According to an analysis completed last September by a Facebook engineer, code written by female engineers at the company gets rejected 35 percent more often than that written by their male peers. The Wall Street Journal reported on Tuesday that an employee whose identity remains unknown used several years of company data in her calculations to bring “insight into how the review process”—whereby employees’ code is assessed by other colleagues—“impacts people in various groups.”
In response to internal criticism from employees, who raised the issue at a town-hall meeting with CEO Mark Zuckerberg, Facebook leadership did its own analysis and disputes the engineer’s findings. Her review didn’t include engineers’ ranks, and Facebook representatives say those account for the bulk of the gap: Lower-ranked engineers get rejected more often, and they are disproportionately female. The Wall Street Journal reports that Facebook has an “open repository of code-review data” that allowed the engineer to find each code-writer’s gender and the length of her tenure at the company, but not her rank. The analysis Facebook prepared in response included ranking data inaccessible to rank-and-file employees.
Of course, having the few female Facebook engineers (women make up just 17 percent of tech roles at the company) clumped in the lower ranks isn’t something to cheer about, either. Women believed their code wasn’t getting approved as often as the men on their teams, and they were right. They believed men at the company were getting promoted and hired into higher-up positions more often, too, and the employee’s analysis seemed to prove their point. Facebook’s spokespeople have been quick to deny the accuracy of the engineer’s claims, but their explanation won’t do much to quell disquiet among female employees’ very real, evidence-based concerns about how women are treated in their workplace.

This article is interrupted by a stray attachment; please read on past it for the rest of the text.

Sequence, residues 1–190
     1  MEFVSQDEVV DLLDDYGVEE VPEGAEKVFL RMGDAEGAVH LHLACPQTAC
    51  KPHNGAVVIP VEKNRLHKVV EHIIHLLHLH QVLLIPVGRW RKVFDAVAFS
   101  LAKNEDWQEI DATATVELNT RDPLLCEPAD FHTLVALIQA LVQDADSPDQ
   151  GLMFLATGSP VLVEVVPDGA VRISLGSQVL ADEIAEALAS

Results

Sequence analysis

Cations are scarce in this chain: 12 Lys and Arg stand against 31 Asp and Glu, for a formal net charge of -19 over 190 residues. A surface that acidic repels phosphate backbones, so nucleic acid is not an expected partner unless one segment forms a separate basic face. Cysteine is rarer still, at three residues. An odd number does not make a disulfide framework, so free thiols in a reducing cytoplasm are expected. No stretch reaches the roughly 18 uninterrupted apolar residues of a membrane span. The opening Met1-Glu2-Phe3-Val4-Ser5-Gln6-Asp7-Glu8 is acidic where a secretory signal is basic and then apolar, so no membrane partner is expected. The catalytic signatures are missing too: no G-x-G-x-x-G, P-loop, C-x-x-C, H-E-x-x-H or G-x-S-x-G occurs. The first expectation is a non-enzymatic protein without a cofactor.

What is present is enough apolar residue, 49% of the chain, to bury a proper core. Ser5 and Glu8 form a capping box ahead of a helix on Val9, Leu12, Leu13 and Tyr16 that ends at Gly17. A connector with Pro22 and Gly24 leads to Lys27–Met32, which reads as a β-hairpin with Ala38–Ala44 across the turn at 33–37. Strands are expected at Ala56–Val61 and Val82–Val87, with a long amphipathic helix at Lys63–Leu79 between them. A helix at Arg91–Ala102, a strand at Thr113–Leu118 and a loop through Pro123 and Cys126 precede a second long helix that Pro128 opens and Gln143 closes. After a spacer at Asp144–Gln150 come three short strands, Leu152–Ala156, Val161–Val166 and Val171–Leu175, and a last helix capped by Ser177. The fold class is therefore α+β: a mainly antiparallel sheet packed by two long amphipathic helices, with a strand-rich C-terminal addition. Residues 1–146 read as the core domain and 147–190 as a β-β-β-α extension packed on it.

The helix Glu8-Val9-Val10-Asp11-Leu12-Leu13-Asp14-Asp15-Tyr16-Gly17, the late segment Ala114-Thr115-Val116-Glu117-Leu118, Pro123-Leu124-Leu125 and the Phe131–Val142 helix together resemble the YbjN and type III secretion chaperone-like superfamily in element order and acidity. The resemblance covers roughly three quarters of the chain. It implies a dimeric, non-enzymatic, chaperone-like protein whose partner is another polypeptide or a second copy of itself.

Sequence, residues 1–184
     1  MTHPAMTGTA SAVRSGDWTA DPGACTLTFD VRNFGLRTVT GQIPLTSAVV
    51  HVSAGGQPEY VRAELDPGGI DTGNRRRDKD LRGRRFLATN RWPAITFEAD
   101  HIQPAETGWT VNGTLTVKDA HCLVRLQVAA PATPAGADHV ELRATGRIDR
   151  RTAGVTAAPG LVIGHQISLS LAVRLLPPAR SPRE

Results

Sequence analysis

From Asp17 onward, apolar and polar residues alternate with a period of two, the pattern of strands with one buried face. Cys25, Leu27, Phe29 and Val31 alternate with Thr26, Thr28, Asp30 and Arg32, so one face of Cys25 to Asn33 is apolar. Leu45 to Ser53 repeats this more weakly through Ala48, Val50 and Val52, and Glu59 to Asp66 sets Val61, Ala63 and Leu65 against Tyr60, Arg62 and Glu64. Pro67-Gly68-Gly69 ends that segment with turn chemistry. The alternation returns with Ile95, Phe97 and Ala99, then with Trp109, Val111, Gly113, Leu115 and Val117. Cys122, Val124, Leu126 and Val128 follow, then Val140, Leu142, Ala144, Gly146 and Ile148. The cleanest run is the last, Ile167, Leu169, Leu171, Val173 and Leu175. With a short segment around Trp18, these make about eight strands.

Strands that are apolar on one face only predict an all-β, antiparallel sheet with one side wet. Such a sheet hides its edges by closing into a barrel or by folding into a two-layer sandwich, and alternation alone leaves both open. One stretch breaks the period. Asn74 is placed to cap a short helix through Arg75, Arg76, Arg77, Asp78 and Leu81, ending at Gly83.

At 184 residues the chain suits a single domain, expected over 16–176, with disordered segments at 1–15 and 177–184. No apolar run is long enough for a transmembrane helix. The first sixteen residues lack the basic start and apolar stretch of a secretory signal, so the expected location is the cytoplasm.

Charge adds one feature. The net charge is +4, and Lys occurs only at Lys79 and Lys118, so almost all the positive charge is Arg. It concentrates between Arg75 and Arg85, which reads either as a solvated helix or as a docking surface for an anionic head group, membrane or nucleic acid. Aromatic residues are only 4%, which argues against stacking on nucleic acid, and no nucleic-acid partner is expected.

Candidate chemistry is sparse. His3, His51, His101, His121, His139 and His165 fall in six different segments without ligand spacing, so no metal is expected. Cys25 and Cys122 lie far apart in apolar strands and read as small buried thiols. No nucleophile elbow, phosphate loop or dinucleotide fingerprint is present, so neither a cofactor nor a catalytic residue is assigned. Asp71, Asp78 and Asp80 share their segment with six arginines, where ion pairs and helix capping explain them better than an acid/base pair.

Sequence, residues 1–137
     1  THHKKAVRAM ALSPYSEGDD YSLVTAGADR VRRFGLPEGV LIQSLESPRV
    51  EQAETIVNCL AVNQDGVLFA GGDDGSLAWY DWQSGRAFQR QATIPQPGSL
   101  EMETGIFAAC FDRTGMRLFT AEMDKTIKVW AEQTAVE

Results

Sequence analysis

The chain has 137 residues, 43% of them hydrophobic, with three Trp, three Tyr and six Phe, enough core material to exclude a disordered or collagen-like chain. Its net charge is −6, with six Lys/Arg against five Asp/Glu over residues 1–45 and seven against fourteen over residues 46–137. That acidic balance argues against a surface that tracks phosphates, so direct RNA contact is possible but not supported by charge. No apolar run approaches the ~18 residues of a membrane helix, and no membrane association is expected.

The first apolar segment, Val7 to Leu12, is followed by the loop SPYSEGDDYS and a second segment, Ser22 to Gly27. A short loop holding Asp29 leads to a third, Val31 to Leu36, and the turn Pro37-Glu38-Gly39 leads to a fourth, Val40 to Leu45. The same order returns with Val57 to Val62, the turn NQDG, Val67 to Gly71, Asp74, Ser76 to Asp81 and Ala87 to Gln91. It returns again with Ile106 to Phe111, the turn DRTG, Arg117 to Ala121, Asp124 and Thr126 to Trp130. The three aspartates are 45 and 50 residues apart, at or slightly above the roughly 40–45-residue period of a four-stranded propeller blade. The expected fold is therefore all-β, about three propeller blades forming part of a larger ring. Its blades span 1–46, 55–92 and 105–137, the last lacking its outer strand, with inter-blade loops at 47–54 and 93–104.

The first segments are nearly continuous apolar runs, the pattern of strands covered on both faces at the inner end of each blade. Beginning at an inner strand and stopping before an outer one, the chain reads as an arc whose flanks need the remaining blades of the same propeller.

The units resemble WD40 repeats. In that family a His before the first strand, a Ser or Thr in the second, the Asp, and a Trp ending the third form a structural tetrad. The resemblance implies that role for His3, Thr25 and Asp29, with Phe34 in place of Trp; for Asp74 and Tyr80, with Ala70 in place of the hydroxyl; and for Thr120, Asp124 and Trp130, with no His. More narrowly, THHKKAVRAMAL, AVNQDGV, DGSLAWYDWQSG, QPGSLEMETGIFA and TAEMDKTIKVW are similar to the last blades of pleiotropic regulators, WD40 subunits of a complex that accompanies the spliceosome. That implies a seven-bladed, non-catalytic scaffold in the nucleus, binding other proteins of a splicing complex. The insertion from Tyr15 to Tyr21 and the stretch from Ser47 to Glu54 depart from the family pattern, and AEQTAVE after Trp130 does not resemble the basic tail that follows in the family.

The Facebook hubbub recalls a 2016 study of GitHub, an online community of developers who share, add to, and improve one another’s open-source code. Researchers analyzed millions of pull requests—suggested changes to an author’s code—and found that code changes proposed by women were accepted more than those proposed by men, but only among women who had gender-neutral profiles with gender-neutral usernames and no photos of themselves. (The study was not peer-reviewed.) That bias against coders who were visibly women went away when researchers looked at women who contributed code to team members or people who knew them, indicating that familiarity with a specific woman may mitigate any unconscious bias against female coders.
At the time, there were several theories floating around about why women ended up getting their code accepted more than men in a gender-blind environment. Some, including the study’s authors, suggested “survivorship bias,” another term for the age-old argument that women and people of color have to work twice as hard to get half as far. It’s hard for women to get hired in tech at all, and when they do, sexist treatment and professional discouragement makes it hard for them to stay. The ones who persist, then, are better on average than the average male developer who’s had an easier time getting by, the theory goes.
Even if Facebook’s female engineers aren’t better than the men in their ranks, if their code is getting disproportionately rejected, Facebook is missing out on a valuable diversity of perspectives that impact its user experience. Most developers have probably heard the cautionary tale of Clippy, the overenthusiastic Microsoft Word helper who became one of the software’s least popular features. Male engineers were responsible for Clippy’s original design; women in focus groups complained that, with the paper clip’s half-lidded eyes, it looked like he was “leering” at them. The men went ahead with the design anyway, disregarding focus group results they’d spent hundreds of thousands of dollars to obtain, and introduced a feature that flopped with women. Whether or not their code is getting scrapped because they’re ranked lower than the men, women at Facebook aren’t getting the same traction on their work that men are. That’s good news for skeevy office supplies, but bad news for Facebook users.